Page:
In the morning, there was even more fussiness to back the dough blobs. Preheat the pan, then cook it for 20 minutes. Then turn down the heat for ten minutes. THEN take the lid off and cook it for 25 more minutes. Then turn out the loaf and DON’T CUT IT YET!

We must wait again for 2 hours for it to fully be ready.

I only have one pot with a lid that can do this bread baking duty. Veronica woke up at the PERFECT time to see the first loaf be tipped out to cool, and then sit with me through all these dance steps to get the second loaf.

We sat on the kitchen floor and talked about family things. And I looked up at the first loaf that was cooling.

It looked right. I couldn’t know for sure until I cut it open.

“Veronica, knock on the crust. It’s supposed to sound hollow.”

She rapped her knuckles on the hard top, and pulled her hand away with a shocked face.

It HAD made a satisfying hollow thump, but “what’s wrong? Is it too hot still?”

“No, it’s really HARD.”

Yeah, that crust could slow a battering ram.

We cut it open after church, and it was not disappointing. Chris said, “This is not as sour as sourdough from the store”

“That’s because the stuff from the store has nothing to do with sourdough, except maybe some flavoring! THIS is real living sourdough.”

The bread itself was elastic and felt nourishing, just like sourdough does. There is a little something extra happening when life itself, in the form of the wild yeast of sourdough, cooperates with me.

I was so glad that I trusted this living organism sourdough to forgive me for not following the correct procedure from the recipe.

I did what I could, and I didn’t give up. We had a family adventure along the way.

Once again, sourdough is giving me lessons about life and survival. Show up. Keep trying. Do the simple little action, even if it’s not exactly the right time.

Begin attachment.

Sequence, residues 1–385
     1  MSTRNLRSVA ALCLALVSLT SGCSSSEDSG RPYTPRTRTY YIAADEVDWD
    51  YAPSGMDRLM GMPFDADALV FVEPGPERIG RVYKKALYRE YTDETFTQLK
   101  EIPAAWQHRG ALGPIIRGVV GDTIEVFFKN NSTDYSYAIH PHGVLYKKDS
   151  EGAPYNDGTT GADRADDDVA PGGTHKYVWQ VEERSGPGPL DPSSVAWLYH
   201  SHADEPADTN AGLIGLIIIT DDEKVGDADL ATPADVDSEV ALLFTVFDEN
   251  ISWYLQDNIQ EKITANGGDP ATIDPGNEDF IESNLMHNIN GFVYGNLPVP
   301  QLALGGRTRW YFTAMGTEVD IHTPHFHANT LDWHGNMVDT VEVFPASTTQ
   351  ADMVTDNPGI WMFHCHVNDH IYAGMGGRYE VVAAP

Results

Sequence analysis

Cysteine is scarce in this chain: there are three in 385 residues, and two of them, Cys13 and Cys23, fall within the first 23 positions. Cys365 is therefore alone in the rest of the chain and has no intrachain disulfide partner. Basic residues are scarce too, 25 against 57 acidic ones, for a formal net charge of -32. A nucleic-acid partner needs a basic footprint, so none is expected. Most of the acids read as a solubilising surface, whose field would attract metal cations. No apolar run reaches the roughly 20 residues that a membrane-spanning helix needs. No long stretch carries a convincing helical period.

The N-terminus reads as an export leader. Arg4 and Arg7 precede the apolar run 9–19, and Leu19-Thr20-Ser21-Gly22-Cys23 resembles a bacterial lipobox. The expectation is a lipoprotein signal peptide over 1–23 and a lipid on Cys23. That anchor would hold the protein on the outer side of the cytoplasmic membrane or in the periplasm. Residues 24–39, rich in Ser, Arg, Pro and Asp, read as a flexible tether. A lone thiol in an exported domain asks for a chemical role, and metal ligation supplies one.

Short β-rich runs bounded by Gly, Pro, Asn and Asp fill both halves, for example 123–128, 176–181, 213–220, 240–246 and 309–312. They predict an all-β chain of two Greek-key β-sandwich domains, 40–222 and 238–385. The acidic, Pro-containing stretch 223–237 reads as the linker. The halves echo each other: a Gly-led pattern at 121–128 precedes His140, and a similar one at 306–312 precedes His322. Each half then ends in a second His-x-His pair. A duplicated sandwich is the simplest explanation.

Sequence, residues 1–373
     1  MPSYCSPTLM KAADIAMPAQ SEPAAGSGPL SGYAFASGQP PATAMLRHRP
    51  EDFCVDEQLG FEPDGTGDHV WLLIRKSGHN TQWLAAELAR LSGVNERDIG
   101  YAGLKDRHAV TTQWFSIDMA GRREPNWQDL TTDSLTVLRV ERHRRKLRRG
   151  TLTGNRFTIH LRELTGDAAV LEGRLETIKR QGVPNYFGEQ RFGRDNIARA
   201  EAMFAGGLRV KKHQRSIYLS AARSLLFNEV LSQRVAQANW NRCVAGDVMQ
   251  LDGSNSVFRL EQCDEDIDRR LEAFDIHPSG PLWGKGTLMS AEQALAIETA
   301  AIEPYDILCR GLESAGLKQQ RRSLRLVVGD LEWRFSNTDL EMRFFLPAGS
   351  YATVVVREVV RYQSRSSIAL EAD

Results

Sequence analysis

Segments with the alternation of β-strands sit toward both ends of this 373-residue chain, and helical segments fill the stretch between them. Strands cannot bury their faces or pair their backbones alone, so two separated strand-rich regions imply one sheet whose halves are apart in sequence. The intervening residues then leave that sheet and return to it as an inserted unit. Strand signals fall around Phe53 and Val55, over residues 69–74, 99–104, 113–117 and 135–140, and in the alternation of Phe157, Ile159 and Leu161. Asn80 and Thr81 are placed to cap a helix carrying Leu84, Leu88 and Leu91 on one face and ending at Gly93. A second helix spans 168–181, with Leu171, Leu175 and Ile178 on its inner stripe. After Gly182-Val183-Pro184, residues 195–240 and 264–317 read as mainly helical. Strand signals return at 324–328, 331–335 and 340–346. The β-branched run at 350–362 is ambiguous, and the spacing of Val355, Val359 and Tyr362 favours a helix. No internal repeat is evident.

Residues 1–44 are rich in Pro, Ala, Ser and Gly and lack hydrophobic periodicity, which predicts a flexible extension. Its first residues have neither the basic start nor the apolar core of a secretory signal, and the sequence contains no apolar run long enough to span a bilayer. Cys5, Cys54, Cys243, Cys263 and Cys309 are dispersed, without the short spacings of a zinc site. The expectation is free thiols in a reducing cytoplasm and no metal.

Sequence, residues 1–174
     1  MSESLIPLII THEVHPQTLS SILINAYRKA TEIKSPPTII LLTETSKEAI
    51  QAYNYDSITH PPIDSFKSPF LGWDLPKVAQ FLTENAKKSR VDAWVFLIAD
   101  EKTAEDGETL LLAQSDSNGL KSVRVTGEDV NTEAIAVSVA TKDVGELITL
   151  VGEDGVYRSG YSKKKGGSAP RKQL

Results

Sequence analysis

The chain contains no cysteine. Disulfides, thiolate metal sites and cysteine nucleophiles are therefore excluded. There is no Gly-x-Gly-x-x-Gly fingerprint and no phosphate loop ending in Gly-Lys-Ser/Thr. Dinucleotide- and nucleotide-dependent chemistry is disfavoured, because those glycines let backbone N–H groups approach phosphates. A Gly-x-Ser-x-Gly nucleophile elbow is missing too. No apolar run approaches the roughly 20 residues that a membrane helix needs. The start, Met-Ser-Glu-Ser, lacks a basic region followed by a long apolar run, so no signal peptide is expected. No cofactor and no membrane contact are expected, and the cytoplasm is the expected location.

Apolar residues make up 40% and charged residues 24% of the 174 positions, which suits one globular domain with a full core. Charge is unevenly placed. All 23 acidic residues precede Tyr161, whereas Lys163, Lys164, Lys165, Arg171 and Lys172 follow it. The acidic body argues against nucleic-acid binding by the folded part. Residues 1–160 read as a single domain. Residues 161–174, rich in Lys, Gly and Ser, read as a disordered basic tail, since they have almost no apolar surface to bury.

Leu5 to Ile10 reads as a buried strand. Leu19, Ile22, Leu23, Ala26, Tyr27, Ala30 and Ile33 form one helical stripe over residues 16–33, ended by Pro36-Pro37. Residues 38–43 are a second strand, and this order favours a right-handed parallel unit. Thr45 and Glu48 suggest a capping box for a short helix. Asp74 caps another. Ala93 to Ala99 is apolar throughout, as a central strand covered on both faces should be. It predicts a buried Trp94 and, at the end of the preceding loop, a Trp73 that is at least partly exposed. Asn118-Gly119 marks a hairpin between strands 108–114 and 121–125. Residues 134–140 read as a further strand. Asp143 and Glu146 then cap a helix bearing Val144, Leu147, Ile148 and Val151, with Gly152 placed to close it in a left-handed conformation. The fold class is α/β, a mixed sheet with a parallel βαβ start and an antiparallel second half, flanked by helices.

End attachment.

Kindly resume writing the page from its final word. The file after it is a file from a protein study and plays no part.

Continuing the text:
It will work out.

A place in History

Two things dominated this weekend:
The Royal Wedding

Cleaning my boudoir

I’d been working so hard on cleaning my boudoir, which is the third bedroom in my little home. I have boxes and boxes of notebooks, and papers and photographs that I had to move in order to paint the walls. The walls had been patched because of having the electrical redone.

So, I had to move them all to paint behind them. And when it came time to put them back, I realized that quite a lot of it could be tossed.

On Friday night, Chris asked me if I was going to watch the royal wedding. I said I didn’t know anything about it. He caught me up on who was marrying whom, and I suddenly realized I knew Rachel, because I had watched Suits for a while.

How cool is that!

So Saturday, as I was staring in dismay at my boxes of everything, I turned on the royal wedding. I was thinking it was good background TV while I sorted through all these things.

I am a notebook person. I had saved all these notes, with anything from grocery lists, to year plans (a LOT of year plans) and the occasional gorgeous poem and short story.

It was for those poems and stories that I never threw the notebooks away.

But there were other papers.